Although at this point the Savoy was a mere three issues old, Conrad probably knew something of its lurid reputation; "The Idiots," he told T. Fisher Unwin in May 1896, is "a story of Brittany. Peasant life. Not for babies" (CL 1: 279). Symons's editorial "we," however, speaks not only for himself but for a loose group of like-minded contributors, the most notorious of whom was Aubrey Beardsley, whose work appeared in every issue (see Figure 2). Even the Savoy's own contributors, Bernard Shaw among them, had been shaken by Beardsley's design for the prospectus: a drawing of a campy John Bull shouldering an arsenal of phallic pens and pencils and sporting a blatant erection. Before its publisher, Leonard Smithers, insisted on some hasty surgery, the cover art for the Savoy's first number, printed on pink boards, showed Cupid about to piss upon a copy of its Decadent rival, the Yellow Book (Beckson 123-24). The magazine also featured Beardsley's poetry and prose, including Under the Hill, that carnival of double entendres. Balking at the naked bodies in William Blake's illustrations to the Divine Comedy, which were first published in the magazine with an extended commentary by William Butler Yeats, W. H. Smith's banned The Savoy from their ubiquitous bookstalls. Indeed, Smithers's own connections with the clandestine book trade placed Symons at one remove from a pornographer. The previous year, Symons's poems about harlotry had caused a reviewer for the Pall Mall Gazette to call him "a very dirty-minded man" (Beckson and Munro 113 n. 2). Small wonder, then, that this costly magazine, which ran for three issues as a quarterly and five as a monthly, making its final flourish in December 1896, should so swiftly have gained a reputation for self-indulgent naughtiness. It seems a most unsuitable venue for Conrad.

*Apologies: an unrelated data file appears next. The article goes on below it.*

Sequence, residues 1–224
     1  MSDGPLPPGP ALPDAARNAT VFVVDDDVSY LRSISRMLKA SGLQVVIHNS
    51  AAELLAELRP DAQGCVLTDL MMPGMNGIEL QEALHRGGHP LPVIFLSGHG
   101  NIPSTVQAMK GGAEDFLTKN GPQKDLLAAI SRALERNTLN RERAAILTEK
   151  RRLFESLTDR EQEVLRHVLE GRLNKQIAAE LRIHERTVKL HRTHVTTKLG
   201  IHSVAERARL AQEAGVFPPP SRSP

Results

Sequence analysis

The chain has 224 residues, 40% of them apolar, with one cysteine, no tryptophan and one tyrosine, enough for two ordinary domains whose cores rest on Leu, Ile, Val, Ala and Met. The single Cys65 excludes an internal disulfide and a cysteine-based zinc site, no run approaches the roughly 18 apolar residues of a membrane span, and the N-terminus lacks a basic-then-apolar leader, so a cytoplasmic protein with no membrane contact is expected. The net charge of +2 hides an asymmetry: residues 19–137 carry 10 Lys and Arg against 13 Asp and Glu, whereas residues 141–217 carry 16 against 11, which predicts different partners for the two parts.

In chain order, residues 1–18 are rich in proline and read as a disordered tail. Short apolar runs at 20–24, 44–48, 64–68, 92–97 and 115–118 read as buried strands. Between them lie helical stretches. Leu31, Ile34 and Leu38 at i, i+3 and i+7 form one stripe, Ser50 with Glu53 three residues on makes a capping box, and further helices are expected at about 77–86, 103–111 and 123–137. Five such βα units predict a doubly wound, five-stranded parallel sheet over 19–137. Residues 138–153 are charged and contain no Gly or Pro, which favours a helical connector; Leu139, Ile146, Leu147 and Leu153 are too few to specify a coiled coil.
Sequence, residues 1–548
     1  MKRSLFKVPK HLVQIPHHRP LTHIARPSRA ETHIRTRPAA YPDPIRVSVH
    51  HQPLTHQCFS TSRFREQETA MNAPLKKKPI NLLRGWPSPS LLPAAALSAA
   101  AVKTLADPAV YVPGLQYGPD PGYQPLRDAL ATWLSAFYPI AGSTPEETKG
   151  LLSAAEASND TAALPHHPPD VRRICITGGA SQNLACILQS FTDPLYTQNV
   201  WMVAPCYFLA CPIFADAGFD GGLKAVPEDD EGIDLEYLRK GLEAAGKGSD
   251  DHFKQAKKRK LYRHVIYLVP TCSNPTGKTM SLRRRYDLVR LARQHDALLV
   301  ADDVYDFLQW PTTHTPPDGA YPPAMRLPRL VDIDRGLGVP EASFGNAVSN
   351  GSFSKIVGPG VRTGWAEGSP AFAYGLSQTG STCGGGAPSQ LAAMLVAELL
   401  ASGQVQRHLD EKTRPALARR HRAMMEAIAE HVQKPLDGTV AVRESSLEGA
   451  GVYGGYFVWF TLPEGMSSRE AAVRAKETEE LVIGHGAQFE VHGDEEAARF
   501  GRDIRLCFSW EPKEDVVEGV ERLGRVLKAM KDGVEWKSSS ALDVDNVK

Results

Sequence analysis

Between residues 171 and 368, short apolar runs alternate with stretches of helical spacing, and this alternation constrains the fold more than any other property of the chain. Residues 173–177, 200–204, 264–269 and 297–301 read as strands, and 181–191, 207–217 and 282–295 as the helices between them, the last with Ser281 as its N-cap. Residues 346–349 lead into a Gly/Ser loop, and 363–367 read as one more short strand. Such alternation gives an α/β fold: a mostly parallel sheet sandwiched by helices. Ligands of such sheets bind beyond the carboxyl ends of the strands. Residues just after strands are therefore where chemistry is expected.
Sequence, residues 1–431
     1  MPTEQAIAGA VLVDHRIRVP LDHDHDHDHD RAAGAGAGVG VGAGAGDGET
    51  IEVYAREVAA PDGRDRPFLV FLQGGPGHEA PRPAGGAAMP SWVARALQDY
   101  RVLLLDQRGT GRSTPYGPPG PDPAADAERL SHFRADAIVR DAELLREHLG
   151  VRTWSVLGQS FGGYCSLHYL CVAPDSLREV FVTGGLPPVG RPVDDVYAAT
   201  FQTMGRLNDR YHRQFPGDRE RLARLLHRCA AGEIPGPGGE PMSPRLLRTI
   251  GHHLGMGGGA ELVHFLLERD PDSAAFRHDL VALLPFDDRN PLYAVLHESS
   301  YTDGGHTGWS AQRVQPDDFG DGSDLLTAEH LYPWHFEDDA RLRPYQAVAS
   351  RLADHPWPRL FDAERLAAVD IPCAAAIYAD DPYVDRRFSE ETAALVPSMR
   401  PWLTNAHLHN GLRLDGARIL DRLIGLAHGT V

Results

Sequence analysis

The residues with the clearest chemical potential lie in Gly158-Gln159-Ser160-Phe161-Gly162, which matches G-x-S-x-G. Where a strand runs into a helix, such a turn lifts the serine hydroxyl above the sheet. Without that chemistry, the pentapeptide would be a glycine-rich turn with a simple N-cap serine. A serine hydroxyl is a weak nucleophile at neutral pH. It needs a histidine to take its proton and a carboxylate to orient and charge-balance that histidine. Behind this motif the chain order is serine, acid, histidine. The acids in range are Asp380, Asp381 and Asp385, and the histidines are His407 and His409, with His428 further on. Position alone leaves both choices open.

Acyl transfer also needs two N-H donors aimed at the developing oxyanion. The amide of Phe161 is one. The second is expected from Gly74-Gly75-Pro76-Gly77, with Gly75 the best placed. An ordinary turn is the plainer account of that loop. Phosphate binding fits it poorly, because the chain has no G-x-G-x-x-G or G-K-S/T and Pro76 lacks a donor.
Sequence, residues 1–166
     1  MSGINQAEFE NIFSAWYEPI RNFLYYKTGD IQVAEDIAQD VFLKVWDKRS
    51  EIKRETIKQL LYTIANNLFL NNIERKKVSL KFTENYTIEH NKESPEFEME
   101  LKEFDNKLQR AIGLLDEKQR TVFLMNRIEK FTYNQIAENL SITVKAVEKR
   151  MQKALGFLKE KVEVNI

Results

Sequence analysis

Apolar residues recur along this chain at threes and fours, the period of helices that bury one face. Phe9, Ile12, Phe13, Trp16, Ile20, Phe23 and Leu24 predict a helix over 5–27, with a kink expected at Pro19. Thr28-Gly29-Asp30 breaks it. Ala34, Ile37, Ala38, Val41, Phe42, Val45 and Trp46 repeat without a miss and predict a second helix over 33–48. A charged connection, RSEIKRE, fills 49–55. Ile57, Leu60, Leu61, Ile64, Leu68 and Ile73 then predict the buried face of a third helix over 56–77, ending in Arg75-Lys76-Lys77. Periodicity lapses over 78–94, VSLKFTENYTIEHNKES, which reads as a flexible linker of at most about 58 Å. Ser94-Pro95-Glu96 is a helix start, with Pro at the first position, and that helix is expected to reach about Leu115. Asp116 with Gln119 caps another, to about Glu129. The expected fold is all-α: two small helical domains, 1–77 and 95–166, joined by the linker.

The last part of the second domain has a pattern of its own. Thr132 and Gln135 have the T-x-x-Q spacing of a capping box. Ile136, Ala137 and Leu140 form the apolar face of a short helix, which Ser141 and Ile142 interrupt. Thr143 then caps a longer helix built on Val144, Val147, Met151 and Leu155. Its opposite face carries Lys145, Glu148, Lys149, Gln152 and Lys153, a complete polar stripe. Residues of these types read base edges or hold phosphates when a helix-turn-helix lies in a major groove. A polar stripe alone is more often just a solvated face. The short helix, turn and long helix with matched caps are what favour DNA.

Yet Symons really was an eclectic editor and a man of varied, often conflicting tastes. His ambivalence shows in "A Causerie from a Castle in Ireland," published in the August number after a visit to Edward Martyn, wealthy, Catholic, and gay: "I find all this bareness, grayness, monotony, solitude, at once primitive and fantastical, curiously attractive; giving just the same kind of relief from the fat, luxurious English landscape that these gaunt, nervous, long-chinned peasants give from the red and rolling sleepiness of the English villager" (94). Yet, feeling that he has "no part among those remote idealists," he hurries back to London (Symons, "Causerie" 95). Such attitudes pose Symons as the rural equivalent of the flaneur, but the magazine's cast of characters features the peasant rather more often than the tormented artist or the kinky aristocrat. In this and other respects, Symons's connection with Yeats, with whom he was sharing London quarters at the time, had at least as much influence on the magazine's character as the less intimate association with Beardsley. Yeats wrote fervently about Blake's Dante, Irish peasant visionaries, and the mysteries of alchemy--all typical enthusiasms of the 1890s but not typical models of artistic practice. Then there were stories and poems by the Decadent poet Ernest Dowson, who had abandoned his halfhearted paganism for the splendid austerity of Catholicism, and essays by Havelock Ellis on Emile Zola, Thomas Hardy, and Friedrich Nietzsche as well as a translation of Cesare Lombroso's psychiatric case study "A Mad Saint" (April 1896). (9)